This week at Juno
Gauzy, weird, yet sumptuous house music seemed to be this week’s running theme, and top of the list was the unexpected appearance of 100% Silk and Planet Mu artist Ital on Berlin’s Workshop label.
Although the producer’s psychedelic style might seem at odds with Workshop’s more austere take on house, the three tracks on Workshop 18 fit comfortably within the label’s aesthetic, with the producer toning down some of his wilder elements without losing any of his character. Similarly rich was Silent Teaching, the debut record from Aquarian Foundation on Going Good Records; combining elements of dub techno, deep house, ambient and even jazz, the record occasionally comes across like Sun Ra making house music. Anton Zap rounded out the trio with Water, his debut album for Apollo, featuring seven deep house tracks flirting with downtempo moods.
Somewhat more traditional, but no less vital, were a pair of 12″s from DJ Sprinkles, acting as samplers for his forthcoming Queerification and Ruins remix compilation, while some harder edged house could be found on Shrapnel Maestro, the excellent new LP from the prolific Tuff Sherm, with robust tracks like “Hawkins File” and “Boiled” nevertheless filled with an eerie kind of funk. On a slightly brighter, boogie-infused tip, Gifted & Blessed returned with the sublime sounds of the 3 Aspects Of One EP, with the spiralling melodies of “The Beginner” a particular highlight.
We’ve been waiting some time for Helix to return following his excellent turn on the Stacks Riddim 12″ for All Caps last year, and his new contribution to Night Slugs’ Club Constructions series is about as great a return as we could have hoped for; tracks like “Whoosh Ice Dispenser” and “Damnson” display all the fearsome rhythmic gymnastics of his past work but significantly more refined. Some moodier bass fare could be found on the new record from Beneath, whose Strike A Pose EP for Nice N Bump saw him deliver more of his swung sub bass mechanics; a stark contrast to Bristol producer Hyetal’s Northwest Passage single, whose colourful take on bass found itself remixed by Vessel and Factory Floor to stunning effect.
Techno fans were spoiled this week, with a number of essential titles seeing release. Speedy J and Lucy’s Zeitgeber collaboration on Stroboscopic Artefacts saw the pair pushing themselves in a particularly avant-garde direction, with eight tracks that pulse with strange rhythms and textures. Somewhat more straight up were Marcel Dettmann’s remixes of Vedomir on Dekmantel, reworking tracks from the producer better known as Vakula into something suitable for Berghain, but with all the delicacy of the original works left intact. Harder hitting still was the Clone Basement Series debut of Najem Sworb, whose Renow EP displays an overwhelmingly rugged take on techno that feels like Mike Parker’s Geophone explorations transported to outer space; somewhat more industrial in tone was Forward Strategy Group’s brilliantly named The New Formal, whose three tracks displayed some satisfyingly meaty kickdrums, shackling percussion and steely textures.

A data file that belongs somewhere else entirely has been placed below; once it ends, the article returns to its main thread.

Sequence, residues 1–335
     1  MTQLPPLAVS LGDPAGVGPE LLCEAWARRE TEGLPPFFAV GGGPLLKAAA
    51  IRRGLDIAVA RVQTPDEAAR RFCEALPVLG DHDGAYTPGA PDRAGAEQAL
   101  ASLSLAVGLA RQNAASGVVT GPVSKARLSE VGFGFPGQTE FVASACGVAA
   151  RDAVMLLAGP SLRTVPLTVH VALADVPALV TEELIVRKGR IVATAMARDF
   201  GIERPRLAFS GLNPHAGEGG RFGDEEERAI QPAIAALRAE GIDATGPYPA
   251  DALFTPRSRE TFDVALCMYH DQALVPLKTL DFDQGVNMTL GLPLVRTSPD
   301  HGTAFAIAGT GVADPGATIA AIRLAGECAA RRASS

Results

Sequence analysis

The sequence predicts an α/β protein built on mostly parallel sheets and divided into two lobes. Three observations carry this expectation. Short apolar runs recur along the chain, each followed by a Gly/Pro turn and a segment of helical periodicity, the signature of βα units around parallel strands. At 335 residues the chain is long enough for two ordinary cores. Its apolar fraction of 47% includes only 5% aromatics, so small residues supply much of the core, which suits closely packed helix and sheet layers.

US techno also put in an excellent showing this week, with Terrence Dixon’s new record under his Population One moniker standing out a mile due to its off-kilter energy and foggy textures, things made even more vivid in Actress’ remix of “Self Portrait” that accompanies proceedings. Detroit producer MGUN’s new If You’re Reading This EP for Don’t Be Afraid was similarly tripped out, with six tracks swinging between tape screeching boom bap and almost Berghain-like cuts, with wet reverb, dribbling acid and washy synths, featuring throughout. L.I.E.S. also continued their unbelievable run with a selection of “Long Mixes” from Marcos Cabral’s forthcoming album, where uncompromising rhythmic noise was the order of the day, and Tresor released the second part of Juan Atkins and Moritz Von Oswald’s Borderland series.
There were also plenty of interesting records skirting around the genre fringes this week, with the eagerly awaited appearance of Diagonal Records boss Powell on Mute’s Liberation Technologies imprint one of the week’s notable highlights, with “Fizz” and “Wharton Tiers On Drums” providing more of his uniquely deranged post-punk collage-techno. Diagonal also put out its first non-Powell releases in the form of Blood Music’s self-titled EP, with similarly noisy post-punk influences at play alongside noise and drone elements, while this week also saw us given the opportunity to indulge in Albidaya, the excellent new folk-focused album from Rabih Beaini, better know to most as Morphosis.